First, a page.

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Question: Do you think players really won't be ready for your Gravecrawlers?
Let me first say that Zombies is very good, regardless of which version of the deck you are playing. Players have to prepare to play against the deck or doom themselves to loosing some quick matches. Rest assured, your opponents will come equipped with answers.
As a Zombies player, you need to anticipate the likely answers opponents will have and craft a deck that can contend with them. For example, Pillar of Flame is an extremely good tool for dealing with Gravecrawlers and Geralf's Messengers. As a Zombie player, your next thought should be, "What am I going to do about those Pillar of Flames?"
Thinking on this question led me to design a midrange zombie deck. Some of the choices I made are radical, but sometimes it is better to play a slightly worse card overall because it is better in the format.
Obviously this is not your typical Zombie deck. I want to start by talking about the cards that didn't make the cut.
The major card I removed was Geralf's Messenger. There were a few reasons for this decision. First, casting a three-drop that dies to a one-mana, frequently-played removal spell is not a play that will win you many games. Having your Gravecrawler removed with Pillar of Flame is not nearly as bad for you because both of you spent the same amount of mana. It is more detrimental when this happens to your Messenger.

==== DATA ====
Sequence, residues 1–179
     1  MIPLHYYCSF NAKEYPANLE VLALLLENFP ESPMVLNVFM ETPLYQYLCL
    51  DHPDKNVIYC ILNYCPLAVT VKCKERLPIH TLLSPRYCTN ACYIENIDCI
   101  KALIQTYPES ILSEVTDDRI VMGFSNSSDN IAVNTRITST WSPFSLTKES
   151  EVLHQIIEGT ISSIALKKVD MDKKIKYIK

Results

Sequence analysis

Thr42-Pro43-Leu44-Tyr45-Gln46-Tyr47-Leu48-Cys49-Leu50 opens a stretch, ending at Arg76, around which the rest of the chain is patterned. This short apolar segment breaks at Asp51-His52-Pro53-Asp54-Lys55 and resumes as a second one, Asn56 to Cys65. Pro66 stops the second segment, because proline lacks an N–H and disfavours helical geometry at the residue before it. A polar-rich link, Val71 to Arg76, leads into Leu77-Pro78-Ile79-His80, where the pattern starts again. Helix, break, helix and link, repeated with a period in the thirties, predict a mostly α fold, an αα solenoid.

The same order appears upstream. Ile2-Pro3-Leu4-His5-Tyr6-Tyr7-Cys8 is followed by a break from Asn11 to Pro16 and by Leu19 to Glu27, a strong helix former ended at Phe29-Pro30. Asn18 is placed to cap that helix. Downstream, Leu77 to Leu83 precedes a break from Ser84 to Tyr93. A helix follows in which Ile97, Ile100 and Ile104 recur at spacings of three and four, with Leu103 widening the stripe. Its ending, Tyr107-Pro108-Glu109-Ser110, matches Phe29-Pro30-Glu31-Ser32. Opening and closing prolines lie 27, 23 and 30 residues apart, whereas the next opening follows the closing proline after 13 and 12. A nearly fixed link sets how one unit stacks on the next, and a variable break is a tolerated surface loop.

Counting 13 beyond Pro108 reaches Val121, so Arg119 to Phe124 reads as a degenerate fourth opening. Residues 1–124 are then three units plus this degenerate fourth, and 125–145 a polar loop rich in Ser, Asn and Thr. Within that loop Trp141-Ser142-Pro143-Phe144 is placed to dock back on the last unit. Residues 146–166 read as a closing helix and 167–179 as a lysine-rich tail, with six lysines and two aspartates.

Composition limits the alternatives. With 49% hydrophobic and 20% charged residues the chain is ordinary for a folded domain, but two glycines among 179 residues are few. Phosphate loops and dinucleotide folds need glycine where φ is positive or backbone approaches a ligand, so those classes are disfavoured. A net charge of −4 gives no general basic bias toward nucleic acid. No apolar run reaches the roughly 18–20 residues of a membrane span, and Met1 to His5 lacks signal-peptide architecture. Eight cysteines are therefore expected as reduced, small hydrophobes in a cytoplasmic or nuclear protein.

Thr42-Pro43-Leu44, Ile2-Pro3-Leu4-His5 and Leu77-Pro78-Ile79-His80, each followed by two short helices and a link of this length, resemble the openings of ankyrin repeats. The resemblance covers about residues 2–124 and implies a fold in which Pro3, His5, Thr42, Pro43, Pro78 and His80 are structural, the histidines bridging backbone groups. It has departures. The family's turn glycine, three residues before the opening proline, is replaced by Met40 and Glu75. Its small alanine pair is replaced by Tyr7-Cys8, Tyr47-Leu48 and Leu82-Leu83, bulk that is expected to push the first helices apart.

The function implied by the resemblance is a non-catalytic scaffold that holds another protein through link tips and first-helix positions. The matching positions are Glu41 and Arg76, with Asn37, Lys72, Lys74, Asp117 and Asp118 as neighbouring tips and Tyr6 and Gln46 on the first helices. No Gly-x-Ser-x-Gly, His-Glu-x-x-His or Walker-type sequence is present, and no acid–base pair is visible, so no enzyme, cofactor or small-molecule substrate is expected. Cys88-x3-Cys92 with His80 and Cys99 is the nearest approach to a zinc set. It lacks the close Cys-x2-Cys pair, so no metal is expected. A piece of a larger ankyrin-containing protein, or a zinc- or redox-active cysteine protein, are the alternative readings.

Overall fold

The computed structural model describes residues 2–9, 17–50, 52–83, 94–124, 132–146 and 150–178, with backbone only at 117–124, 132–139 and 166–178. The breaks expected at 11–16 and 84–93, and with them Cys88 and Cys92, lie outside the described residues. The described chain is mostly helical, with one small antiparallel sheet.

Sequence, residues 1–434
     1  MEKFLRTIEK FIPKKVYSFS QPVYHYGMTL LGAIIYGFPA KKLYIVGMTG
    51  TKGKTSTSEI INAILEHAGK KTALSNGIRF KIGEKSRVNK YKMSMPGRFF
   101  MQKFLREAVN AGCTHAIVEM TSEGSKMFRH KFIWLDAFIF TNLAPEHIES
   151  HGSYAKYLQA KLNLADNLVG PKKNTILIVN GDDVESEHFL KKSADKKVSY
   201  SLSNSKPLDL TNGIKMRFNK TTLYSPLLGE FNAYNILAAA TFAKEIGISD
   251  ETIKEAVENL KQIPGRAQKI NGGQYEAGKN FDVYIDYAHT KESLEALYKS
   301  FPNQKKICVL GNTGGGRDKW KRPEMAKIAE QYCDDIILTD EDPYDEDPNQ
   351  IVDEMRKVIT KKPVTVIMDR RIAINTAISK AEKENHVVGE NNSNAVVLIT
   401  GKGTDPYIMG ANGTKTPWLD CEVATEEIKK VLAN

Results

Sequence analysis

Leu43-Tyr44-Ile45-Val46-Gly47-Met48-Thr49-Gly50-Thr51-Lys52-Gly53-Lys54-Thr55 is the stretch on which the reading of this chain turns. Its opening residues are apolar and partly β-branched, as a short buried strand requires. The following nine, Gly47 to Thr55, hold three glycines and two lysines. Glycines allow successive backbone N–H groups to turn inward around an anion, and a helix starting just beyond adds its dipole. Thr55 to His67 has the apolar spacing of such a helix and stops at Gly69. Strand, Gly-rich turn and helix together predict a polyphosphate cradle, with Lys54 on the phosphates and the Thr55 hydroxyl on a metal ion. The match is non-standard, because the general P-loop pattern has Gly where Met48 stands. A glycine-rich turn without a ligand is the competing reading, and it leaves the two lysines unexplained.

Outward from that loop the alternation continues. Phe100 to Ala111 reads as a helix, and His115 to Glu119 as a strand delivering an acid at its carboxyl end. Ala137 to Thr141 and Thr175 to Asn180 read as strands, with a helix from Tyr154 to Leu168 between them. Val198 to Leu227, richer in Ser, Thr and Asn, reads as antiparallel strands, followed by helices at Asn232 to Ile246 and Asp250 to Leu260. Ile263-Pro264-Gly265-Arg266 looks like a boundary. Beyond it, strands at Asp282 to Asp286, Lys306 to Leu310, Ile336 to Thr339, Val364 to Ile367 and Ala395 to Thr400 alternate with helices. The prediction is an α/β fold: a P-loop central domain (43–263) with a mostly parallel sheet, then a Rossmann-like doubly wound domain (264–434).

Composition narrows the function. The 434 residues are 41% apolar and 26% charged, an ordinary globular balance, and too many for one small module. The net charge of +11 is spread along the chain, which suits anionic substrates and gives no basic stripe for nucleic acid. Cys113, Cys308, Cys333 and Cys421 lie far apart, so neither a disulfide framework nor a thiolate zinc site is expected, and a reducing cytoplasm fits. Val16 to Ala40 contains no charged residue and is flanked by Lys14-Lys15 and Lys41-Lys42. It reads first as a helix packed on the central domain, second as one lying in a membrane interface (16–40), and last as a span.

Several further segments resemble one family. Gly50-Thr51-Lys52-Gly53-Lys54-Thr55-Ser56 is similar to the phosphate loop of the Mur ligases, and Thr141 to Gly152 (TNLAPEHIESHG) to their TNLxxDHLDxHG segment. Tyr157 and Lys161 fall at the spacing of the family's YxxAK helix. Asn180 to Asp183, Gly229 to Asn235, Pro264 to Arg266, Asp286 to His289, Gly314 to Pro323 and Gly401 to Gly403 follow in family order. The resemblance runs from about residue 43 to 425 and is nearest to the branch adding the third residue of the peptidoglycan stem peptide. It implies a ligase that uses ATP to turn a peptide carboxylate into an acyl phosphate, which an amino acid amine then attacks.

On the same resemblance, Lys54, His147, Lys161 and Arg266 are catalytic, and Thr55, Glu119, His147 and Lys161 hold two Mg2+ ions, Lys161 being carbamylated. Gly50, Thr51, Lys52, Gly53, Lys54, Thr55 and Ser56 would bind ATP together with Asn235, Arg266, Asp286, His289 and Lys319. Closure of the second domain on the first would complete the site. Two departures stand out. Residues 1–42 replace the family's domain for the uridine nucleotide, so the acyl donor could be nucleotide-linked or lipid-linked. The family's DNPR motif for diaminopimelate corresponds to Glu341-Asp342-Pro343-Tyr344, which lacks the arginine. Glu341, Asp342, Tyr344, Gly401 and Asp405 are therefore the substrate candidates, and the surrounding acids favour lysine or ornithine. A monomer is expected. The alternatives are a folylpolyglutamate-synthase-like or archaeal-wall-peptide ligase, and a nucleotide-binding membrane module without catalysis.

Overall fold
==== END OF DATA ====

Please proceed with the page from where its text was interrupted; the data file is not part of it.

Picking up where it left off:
Coming into play tapped can be an issue as well. Often this doesn't matter but when it does it's usually a key part of the game.
The final reason that I made the cut was because there is a card that I want to replace it with in Vampire Nighthawk. The Nighthawk doesn't die to Pillar, has lifelink, and many decks cannot deal with the flying evasion. One of the best lines of play with Midrange Zombies is giving your Vampire Nighthawk a Rancor. The deathtouch ability is also important because it allows you to trade your three-mana creature for a more expensive one.
The second part of the deck missing are the other one-mana creatures. By playing many one- and two-mana creatures, you are trying to win the game as quickly as possible. But since both Huntmaster of the Fells and Thragtusk are legal in the format, you usually do not kill your opponent fast enough. Therefore, instead of drawing irrelevant one-mana dorks, why not play something else. I did not include Rakdos Shred-Freak for this same reason.